Good news is hard to come by these days. But for some signs of life in an otherwise gloomy real estate sector, you don’t have to look much farther than the city of Boston. Although not immune by any means to global market cycles, the Greater Boston area continues to weather the economic crisis better than many markets due to its diversification of industries and an educated and highly skilled workforce. Boston and its surrounding suburbs are routinely ranked as one of the top regions in the country to visit, invest in, or simply call home. An excellent quality of life is created by a combination of an extremely diverse business sector, a concentration of top-notch universities and medical centers, and immediate access to manyavenues of recreation under the sun. So, not surprisingly, Boston’s residential market is outperforming other parts of the country.
When it comes to unemployment levels, Massachusetts and Boston continue to outperform the country as a whole. As of January 2009, unemployment in the Boston metro area was 7.2 percent and 7.4 percent at the state level, well below the national rate of 8.1 percent. Employment by industry sector in Boston is also markedly different from the rest of the United States, with the city reporting higher proportions in education, health, and business services.
In fact, Boston is often referred to as the commercial “hub” of New England because of this diversified economic base. Cycle-resistant industries such as medical research, biotechnology, and education continue to grow in the Boston metro area. The overall retrenchment of financial services firms in the city is still a factor as mutual funds lay off employees due to drastically reduced assets under management. However, Boston is not nearly as exposed as New York.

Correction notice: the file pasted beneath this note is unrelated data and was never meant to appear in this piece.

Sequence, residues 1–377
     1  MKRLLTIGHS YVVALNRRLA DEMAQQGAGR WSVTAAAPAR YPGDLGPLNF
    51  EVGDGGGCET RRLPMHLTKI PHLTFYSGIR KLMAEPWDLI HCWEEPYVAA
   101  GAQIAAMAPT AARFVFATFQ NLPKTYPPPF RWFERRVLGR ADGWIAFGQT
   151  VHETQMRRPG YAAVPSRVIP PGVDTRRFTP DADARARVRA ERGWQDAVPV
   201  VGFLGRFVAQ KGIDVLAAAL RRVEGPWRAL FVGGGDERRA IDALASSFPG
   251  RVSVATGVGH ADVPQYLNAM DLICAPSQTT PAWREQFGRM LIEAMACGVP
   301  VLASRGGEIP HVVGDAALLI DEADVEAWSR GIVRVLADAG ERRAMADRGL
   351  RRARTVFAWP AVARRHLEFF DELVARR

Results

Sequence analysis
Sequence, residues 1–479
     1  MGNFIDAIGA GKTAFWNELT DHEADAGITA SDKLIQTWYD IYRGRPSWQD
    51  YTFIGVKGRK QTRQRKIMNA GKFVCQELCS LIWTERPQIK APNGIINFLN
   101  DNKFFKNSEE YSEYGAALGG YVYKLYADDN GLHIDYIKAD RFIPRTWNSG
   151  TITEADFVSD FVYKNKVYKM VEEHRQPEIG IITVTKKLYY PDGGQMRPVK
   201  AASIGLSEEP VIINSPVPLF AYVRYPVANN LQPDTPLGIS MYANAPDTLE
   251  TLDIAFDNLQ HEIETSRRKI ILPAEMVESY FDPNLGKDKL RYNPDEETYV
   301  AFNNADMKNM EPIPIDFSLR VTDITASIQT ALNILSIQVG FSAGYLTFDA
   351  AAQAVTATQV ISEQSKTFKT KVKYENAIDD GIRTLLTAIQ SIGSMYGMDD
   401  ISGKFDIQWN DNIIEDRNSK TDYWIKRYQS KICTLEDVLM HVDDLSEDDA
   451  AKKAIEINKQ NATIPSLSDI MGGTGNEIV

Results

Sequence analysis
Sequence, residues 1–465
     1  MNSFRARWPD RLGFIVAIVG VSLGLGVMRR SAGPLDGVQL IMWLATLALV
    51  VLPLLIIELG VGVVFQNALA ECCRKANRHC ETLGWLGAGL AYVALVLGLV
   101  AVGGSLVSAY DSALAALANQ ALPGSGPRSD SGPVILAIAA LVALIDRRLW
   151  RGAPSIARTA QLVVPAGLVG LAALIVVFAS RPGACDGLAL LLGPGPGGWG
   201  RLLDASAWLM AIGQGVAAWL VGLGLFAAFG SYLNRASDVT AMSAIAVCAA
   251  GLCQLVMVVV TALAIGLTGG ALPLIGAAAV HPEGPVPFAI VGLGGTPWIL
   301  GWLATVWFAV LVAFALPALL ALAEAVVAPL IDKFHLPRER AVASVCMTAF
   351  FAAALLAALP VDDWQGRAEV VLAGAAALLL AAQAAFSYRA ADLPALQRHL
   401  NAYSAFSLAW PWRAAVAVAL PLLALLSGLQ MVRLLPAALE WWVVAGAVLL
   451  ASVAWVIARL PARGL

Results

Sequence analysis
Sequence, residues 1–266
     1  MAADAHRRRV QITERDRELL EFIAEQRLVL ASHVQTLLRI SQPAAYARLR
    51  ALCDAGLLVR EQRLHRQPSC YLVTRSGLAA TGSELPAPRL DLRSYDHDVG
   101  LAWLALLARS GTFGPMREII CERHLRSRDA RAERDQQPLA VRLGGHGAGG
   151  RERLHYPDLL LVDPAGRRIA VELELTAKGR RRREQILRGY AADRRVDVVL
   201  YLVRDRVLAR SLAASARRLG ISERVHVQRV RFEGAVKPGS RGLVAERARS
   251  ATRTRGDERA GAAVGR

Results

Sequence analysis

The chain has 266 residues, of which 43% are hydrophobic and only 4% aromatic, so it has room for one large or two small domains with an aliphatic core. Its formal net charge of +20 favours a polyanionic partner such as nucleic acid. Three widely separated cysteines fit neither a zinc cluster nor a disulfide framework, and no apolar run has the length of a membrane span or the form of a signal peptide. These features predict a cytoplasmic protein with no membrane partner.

Also on Boston’s side is the fact that the area never experienced the explosion of single-family or condo development that plagued other parts of the country due to its natural barriers to entry and challenging entitlement process. While pricing and velocity have definitely fallen from their high-water marks, values are still holding relatively strong. The cost of living in Greater Boston is still well above that of most major markets. In fact, the average price for a Boston-area single-family home is $485,000, compared to a national average of $243,100.
Thanks to its economic underpinnings, the Boston multifamily market exhibits some of the strongest fundamentals in the nation. Particularly important is the prevalence of “prime renter” demographics (read: a young population) coupled with demand from academic institutions. Furthermore, the City of Boston estimates that one in three residents of Boston at any given time is 34 years old or younger, and demographic research firm Claritas reports that those aged 21 to 34 outnumber those aged 35 to 49 by 15 percent.
Given the area’s natural barriers to entry, high cost of housing, and a continually growing renter population, Boston has emerged as an ideal rental market for investors, both local and national. Still, the market is a costly one—Boston is currently ranked as the third most expensive metro rental market, only behind New York City and San Francisco. The average rent for a two-bedroom apartment in the Greater Boston area is $1,724 per month.
And those rents are higher in some submarkets. For example, in urban infill areas, there are several communities tracking higher net effective rents year-over-year. In fact, concessions for existing, established product are not nearly as prevalent as in some other markets. While rents are expected to decline slightly as the recession impacts performance, some industry experts expect the general economic effects to be tempered by the flexibility and relative affordability that renting provides. In Class A properties specifically, occupancy continues to hold strong and is currently calculated to be 94 percent—the majority of attrition is in one-bedroom units as people double up in two-bedroom units or move in with their parents.